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In this study we examine the oversight responsibilities of audit committees in the post Sarbanes‐Oxley Act of 2002 (SOX) era. The results show that audit committee…
In this study we examine the oversight responsibilities of audit committees in the post Sarbanes‐Oxley Act of 2002 (SOX) era. The results show that audit committee oversight responsibilities assigned and disclosed in proxy statements expanded post‐SOX compared to pre‐SOX. We design a survey instrument to measure the difference between the perceived oversight responsibilities of audit committee members and the oversight responsibilities actually assigned in the proxy. Our results indicate that although audit committees made a substantial commitment to increase their assigned responsibilities over the period of 2001 to 2004, they still need to do more to meet the many additional challenges facing them in a post‐SOX environment. Overall, our results suggest that the intent of SOX‐for audit committees to be more involved and active in the oversight role of an organization‐is becoming institutionalized. These results should be interesting to policy makers, a variety of interest groups, and accounting researchers.
Decision-making rationality is said to be bounded by managers’ cognitive capabilities. Recent studies indicate that accounting functions evolved to augment the cognitively…
Decision-making rationality is said to be bounded by managers’ cognitive capabilities. Recent studies indicate that accounting functions evolved to augment the cognitively bounded human brain in handling complex economic exchanges. The neuroscience discipline suggests that human brains have the ability to implement “automatic” processes of positive versus negative emotional stimuli to make rational decisions. Neuroscientific evidence shows that the activations in the ventral striatum decrease with negative emotional information/motives and increase with positive emotional information/motives. The authors, hence, argue that our understanding of the decision-making rationality in financial and managerial decisions could be enhanced by using a functional neuroimaging approach.
Decision-making rationality has been focal in debt covenant violation and earnings management research. The contracting theory predicts a relationship between managers’ decisions and the proximity of violating debt covenants. However, no prior research has investigated brain activities associated with the evaluation of debt covenant violation and earnings management. Meanwhile, in another strand of research, there is an extensive prior literature concerning the consequences of managers’ decisions and the use of accounting information in relation to their evaluative style, i.e., supervisory style. The authors argue that the relationship between the proximity to debt covenants violation and earnings management incentives is contingent upon managers’ supervisory style. However, no previous research has examined the impact of the supervisory style on earnings management in the context of the proximity to debt covenants violation and other earnings management incentives.
In this research note, we argue that neuroaccounting could be relied on to examine the relationship between the proximity to debt covenants and earnings management, contingent upon managers’ supervisory style, by capturing brain activities. The adoption of the neuroscience functional neuroimaging approach in this field should contribute to the understanding of managers’ behaviors and provide implications for research and practitioners. The goal of this research note is to provide a new avenue for future research in this field.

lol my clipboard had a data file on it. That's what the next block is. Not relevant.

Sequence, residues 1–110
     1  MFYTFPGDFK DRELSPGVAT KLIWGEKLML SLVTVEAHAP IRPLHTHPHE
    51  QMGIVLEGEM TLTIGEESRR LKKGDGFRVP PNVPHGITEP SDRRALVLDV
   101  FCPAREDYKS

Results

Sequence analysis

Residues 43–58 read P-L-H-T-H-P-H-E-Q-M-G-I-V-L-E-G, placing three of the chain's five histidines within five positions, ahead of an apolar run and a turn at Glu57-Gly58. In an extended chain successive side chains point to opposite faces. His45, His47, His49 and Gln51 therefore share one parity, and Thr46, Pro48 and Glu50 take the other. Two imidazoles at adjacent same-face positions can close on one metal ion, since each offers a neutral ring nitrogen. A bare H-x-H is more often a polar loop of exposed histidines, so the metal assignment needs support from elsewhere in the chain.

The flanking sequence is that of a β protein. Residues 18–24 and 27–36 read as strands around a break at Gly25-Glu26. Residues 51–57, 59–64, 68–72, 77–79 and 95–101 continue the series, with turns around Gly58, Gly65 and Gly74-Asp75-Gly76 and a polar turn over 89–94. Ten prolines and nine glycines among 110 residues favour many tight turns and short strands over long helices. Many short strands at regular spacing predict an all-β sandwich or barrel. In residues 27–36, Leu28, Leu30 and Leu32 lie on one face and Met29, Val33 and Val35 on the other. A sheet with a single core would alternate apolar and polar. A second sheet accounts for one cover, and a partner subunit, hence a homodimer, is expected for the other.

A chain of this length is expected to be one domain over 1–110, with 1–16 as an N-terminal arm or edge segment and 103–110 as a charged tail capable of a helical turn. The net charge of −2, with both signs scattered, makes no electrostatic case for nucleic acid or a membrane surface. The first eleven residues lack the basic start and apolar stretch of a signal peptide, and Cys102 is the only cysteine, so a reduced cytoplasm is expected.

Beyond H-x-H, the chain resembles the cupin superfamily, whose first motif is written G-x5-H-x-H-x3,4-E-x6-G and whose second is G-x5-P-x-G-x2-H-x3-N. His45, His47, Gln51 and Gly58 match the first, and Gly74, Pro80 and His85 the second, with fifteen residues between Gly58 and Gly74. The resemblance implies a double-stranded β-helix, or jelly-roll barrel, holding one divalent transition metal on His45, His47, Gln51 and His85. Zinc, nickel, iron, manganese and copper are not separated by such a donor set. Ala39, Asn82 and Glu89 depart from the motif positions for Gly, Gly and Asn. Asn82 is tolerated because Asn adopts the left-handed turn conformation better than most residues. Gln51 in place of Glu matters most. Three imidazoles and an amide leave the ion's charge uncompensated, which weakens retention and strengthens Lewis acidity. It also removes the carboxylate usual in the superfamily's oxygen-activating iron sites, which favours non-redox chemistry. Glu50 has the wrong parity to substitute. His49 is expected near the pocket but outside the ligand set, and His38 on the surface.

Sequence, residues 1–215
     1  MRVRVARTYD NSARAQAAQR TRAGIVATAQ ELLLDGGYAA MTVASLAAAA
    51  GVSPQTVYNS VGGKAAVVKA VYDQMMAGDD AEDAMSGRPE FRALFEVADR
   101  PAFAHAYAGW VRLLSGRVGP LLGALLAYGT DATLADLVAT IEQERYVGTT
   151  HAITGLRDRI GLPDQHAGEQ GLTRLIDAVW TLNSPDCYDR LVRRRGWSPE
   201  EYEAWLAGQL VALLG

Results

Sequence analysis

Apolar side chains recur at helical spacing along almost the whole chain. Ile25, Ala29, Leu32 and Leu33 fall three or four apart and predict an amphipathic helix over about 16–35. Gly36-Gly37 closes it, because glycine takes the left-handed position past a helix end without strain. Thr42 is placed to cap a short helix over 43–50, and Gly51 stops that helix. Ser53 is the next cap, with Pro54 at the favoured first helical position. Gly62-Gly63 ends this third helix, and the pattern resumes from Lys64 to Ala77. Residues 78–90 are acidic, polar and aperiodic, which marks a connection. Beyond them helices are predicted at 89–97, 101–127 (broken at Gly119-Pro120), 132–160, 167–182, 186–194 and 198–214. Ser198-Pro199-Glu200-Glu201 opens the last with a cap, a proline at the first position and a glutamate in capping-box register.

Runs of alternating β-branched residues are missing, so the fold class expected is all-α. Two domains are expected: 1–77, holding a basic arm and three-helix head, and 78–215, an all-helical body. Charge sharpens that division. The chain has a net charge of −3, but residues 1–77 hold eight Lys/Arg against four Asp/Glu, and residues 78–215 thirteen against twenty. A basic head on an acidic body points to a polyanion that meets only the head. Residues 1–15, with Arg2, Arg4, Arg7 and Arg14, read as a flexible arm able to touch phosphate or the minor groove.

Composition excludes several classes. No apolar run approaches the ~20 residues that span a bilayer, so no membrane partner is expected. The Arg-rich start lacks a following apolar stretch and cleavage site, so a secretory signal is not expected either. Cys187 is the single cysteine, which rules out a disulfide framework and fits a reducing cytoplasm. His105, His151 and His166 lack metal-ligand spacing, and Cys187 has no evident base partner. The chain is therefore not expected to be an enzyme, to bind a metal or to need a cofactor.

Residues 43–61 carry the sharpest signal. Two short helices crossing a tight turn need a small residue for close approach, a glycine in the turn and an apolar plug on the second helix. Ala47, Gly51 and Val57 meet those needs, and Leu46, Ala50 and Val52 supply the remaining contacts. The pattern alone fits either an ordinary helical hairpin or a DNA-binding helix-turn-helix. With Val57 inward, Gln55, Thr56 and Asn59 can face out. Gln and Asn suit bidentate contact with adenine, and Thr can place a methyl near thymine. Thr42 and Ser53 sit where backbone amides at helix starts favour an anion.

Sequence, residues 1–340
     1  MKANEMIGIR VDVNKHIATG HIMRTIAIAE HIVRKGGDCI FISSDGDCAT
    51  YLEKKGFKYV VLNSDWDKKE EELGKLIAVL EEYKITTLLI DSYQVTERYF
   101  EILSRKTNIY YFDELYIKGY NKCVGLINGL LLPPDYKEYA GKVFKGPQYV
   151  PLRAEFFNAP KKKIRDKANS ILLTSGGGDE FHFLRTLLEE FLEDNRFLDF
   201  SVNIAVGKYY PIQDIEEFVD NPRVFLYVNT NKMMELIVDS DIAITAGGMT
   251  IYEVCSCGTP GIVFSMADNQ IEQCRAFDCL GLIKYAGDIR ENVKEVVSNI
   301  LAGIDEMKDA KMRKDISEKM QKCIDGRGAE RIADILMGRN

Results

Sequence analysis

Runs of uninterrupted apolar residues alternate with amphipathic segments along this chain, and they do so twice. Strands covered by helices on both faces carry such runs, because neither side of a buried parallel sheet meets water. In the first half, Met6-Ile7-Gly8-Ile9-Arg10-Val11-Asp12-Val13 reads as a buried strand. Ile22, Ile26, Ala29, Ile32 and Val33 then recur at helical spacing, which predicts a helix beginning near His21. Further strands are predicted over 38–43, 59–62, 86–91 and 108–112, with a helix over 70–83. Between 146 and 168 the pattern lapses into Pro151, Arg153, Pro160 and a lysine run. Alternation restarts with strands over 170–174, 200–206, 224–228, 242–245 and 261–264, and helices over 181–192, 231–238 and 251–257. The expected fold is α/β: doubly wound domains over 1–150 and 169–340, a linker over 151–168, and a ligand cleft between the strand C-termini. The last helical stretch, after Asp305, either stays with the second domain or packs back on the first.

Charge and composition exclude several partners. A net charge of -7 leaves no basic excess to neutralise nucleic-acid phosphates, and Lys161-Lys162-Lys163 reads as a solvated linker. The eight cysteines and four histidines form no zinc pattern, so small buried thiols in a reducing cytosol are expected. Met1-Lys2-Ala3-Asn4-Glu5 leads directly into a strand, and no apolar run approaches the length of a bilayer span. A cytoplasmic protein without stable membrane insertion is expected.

The purpose of this study was to pilot an undergraduate teaching assistantship for Emirati students, an area of scholarship underexplored in the Middle East. The teaching…
The purpose of this study was to pilot an undergraduate teaching assistantship for Emirati students, an area of scholarship underexplored in the Middle East. The teaching assistantship was developed to better prepare students for the workforce, amidst the push for Emiratization.
Over the course of one semester, four undergraduate teaching assistants documented their experience through reflexive journals that were analysed using a reflexive thematic analysis.
Undergraduate teaching assistants characterised their experience as providing professional development and learning to connect with student learners. Findings suggest that relationality may be an important factor in student engagement and learning.
Understanding the experience of undergraduate teaching assistants can help develop targeted opportunities to enhance career readiness. Exploring the role of relationality could be important in the training and development of the Emirati workforce and help address some of the gaps in skills. Understanding the way in which undergraduate teaching assistants perceive their teaching experience can also provide faculty with insight into their teaching practices.
This exploratory study shows that students are able to acquire skills that may be applied in a variety of work settings (e.g. balancing multiple responsibilities). However, undergraduate teaching assistants expressed wanting to connect with student learners; this may be more culturally rooted and is less explored within the Emirati context. Given the socio-cultural context of the United Arab Emirates (UAE), female Emiratis may benefit from work-type opportunities, which to the authors’ knowledge has not been explored previously.
We examine the earnings management implications of using nonfinancial performance measures (NFPM) in executive compensation contracts. We argue and test that when a…
We examine the earnings management implications of using nonfinancial performance measures (NFPM) in executive compensation contracts. We argue and test that when a manager's compensation is based on financial and NFPM, he/she has less incentive to manipulate earnings to maximize compensation. Using panel data covering the period 1992–2005, we compare earnings management behavior for a sample of firms that used both financial and nonfinancial measures to a matched sample of firms that based their performance measurement solely on financial measures. The results are mainly consistent with a reduction in earnings management behavior for those firms that rely on NFPM in their compensation contracts.